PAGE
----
Eating Before Surgery

Sometimes patients who’ve just had surgery joke as much about eating restrictions before the procedure as about the ups and downs of their recovery. There are two main reasons why patients have restrictions on eating and drinking before an operation.

With either one, it’s important that a patient follows the instructions of the surgeon or anesthesiologist as to whether to eat or drink before a procedure. According to Kidshealth, doctors tailor these instructions to a patient’s age, medical condition and the time of day when the hospital has scheduled the surgery.

In the case of restrictions related to anesthesia, instructions can also vary according to what the anesthesia staff has planned as far as the type of anesthetic. According to Horizon Anesthesia, patients might experience one of several kinds.

Local with Monitored Anesthetic Care. This is a light sedation. Local anesthetics numb the site of surgery. Sedation keeps the patient relaxed but awake. This kind of anesthetic is common for shorter or minor procedures.

Intravenous Sedation. This is a moderate type of sedation. The staff administers sedatives and pain medications through an IV to make the patient sleepy. Many individuals don’t remember anything about the procedure. Sometimes it’s also necessary to inject the surgical site with local anesthetics in addition to IV sedation.

General Anesthesia. This deep sedation causes the patient to completely lose sensation and awareness. The anesthesia staff administers it intravenously or through inhalation techniques.

Eating or drinking before surgery is actually a very big issue. It can include taking oral medication, sipping a soda and chewing gum. Individuals have reflexes that stop food from being inhaled into the lungs after swallowing or regurgitating. However, the medications used in anesthesia can interfere with this safety check by suspending these reflexes, Kidshealth reports. As a result, it’s possible that a patient who vomits or regurgitates while anesthetized could get food or liquid in his or her lungs.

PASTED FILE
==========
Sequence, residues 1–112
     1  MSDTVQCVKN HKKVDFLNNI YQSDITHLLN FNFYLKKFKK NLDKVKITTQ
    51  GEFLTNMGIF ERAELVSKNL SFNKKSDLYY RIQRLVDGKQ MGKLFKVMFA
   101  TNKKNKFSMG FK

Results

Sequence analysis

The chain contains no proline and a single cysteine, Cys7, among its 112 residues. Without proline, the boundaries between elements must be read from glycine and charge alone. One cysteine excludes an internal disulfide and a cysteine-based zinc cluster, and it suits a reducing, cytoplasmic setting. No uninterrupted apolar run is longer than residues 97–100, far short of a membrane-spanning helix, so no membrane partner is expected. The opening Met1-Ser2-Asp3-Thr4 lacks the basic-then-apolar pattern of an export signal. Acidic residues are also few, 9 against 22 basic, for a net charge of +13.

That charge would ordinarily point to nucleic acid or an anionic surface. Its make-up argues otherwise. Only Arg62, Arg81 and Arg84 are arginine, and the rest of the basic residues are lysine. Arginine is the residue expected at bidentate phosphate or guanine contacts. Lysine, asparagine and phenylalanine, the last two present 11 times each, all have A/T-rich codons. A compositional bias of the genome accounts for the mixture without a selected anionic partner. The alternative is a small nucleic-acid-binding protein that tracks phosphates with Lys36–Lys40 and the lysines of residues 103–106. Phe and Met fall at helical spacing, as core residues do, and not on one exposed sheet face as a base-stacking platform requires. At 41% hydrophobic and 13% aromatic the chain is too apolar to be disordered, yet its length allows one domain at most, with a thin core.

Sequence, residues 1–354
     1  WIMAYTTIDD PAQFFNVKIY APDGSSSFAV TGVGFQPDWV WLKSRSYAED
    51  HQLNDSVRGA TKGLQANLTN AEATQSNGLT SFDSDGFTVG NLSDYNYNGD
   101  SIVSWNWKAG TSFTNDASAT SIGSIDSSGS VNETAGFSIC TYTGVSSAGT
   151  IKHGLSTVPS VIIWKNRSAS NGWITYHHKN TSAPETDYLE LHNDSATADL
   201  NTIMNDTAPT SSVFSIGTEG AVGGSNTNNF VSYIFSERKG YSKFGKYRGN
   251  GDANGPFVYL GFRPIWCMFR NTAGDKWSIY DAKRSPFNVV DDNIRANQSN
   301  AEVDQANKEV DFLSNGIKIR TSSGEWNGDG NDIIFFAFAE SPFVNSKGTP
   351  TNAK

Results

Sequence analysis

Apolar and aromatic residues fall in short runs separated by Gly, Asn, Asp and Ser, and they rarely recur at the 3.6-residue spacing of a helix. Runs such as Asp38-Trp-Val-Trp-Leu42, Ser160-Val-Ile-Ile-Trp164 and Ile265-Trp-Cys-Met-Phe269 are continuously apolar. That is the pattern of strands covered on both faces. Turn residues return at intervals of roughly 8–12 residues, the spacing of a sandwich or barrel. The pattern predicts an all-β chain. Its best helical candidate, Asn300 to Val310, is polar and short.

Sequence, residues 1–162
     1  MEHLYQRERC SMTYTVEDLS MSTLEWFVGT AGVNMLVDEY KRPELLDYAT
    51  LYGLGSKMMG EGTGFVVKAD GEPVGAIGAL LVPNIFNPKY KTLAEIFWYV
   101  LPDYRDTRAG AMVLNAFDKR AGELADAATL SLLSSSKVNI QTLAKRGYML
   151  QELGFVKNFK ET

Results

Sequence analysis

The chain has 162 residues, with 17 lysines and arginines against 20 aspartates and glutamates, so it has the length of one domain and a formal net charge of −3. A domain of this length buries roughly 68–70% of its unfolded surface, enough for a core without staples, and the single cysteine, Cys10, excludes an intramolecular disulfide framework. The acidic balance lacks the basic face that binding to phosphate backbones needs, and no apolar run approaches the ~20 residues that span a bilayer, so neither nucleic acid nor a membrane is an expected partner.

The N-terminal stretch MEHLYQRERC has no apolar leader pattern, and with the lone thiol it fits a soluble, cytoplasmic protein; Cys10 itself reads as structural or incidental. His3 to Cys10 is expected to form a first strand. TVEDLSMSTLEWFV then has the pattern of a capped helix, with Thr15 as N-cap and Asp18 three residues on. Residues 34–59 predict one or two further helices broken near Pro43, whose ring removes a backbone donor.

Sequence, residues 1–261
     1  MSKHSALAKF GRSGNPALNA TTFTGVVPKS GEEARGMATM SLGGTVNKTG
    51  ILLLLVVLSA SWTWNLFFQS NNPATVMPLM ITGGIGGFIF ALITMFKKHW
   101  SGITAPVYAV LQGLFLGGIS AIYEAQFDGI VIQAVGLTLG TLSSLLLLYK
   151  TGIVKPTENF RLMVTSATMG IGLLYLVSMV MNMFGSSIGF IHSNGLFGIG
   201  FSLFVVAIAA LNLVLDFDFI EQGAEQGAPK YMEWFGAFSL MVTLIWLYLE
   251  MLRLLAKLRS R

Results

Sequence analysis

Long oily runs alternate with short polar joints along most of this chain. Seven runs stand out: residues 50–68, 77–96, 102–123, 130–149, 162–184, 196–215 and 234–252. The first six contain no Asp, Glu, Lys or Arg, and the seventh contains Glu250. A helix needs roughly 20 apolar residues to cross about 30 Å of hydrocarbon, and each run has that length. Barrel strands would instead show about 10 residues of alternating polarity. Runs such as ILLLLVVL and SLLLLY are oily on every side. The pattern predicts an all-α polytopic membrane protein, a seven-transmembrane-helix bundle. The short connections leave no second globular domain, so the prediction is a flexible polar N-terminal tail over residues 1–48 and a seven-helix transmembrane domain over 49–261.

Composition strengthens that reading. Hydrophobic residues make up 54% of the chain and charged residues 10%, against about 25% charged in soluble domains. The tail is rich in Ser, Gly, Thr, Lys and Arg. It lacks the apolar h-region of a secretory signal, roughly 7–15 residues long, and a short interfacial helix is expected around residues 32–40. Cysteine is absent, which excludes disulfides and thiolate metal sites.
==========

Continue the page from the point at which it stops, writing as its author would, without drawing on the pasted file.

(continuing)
Doctors specify when patients should stop eating and drinking. Depending upon the patient’s circumstances, they might caution against consuming anything after midnight. Sometimes eight hours before the procedure is sufficient. In some cases, physicians will approve taking clear liquids or certain pills – such as a blood pressure medication – a few hours before reporting for surgery.

A second reason for restricting food and drink is surgery on the digestive tract. Somtimes restrictions are more stringent than making modifications in eating and drinking only on the day before the procedure.

For certain digestive surgeries, preparation might also include a regimen of cleaning out the gut. This can involve taking liquid medications that act like super-laxatives as well as following a clear liquid diet for a few days. University of Nebraska Medical Center instructions show a typical regimen for a patient about to have bowel surgery. These instructions, however, do not apply to all patients scheduled for surgery on the digestive tract.

Doctors, hospitals and clinics also consider certain outpatient exams to be surgical procedures. Examples include colonoscopy and endoscopy. Patients scheduled for these types of exams also must follow restrictions on what they can eat and drink prior to the surgery.

Since each patient’s circumstances as well as physician preferences vary greatly, it’s essential to understand any restrictions a surgeon or anesthesiologist indicates on eating or drinking before a procedure. In the case of patients who are ill with diseases such as cancer, doctors might also specify a certain diet to attempt to boost their health prior to surgery.


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